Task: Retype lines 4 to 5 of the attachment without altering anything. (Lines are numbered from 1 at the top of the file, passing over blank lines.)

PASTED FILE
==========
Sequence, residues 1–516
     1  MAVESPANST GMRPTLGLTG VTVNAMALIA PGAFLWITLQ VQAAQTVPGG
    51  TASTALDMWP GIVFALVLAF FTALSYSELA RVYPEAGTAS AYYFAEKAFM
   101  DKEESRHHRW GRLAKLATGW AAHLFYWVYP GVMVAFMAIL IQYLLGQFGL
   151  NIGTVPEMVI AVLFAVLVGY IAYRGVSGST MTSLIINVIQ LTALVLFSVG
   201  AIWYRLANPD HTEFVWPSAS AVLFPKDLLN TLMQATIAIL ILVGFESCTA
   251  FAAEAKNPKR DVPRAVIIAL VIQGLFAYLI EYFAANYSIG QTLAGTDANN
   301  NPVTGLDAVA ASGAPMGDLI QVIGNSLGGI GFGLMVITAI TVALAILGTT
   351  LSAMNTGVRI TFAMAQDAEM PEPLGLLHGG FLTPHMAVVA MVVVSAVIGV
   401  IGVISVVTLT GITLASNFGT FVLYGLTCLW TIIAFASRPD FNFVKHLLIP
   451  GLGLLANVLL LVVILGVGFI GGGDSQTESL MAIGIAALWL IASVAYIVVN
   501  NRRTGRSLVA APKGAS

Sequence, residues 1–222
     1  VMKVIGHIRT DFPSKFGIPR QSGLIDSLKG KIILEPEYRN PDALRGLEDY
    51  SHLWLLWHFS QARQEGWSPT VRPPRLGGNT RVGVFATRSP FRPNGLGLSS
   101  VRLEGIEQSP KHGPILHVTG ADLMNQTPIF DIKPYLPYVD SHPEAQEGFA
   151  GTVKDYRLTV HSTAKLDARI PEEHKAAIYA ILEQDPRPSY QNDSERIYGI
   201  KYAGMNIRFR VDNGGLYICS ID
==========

   101  DKEESRHHRW GRLAKLATGW AAHLFYWVYP GVMVAFMAIL IQYLLGQFGL
   151  NIGTVPEMVI AVLFAVLVGY IAYRGVSGST MTSLIINVIQ LTALVLFSVG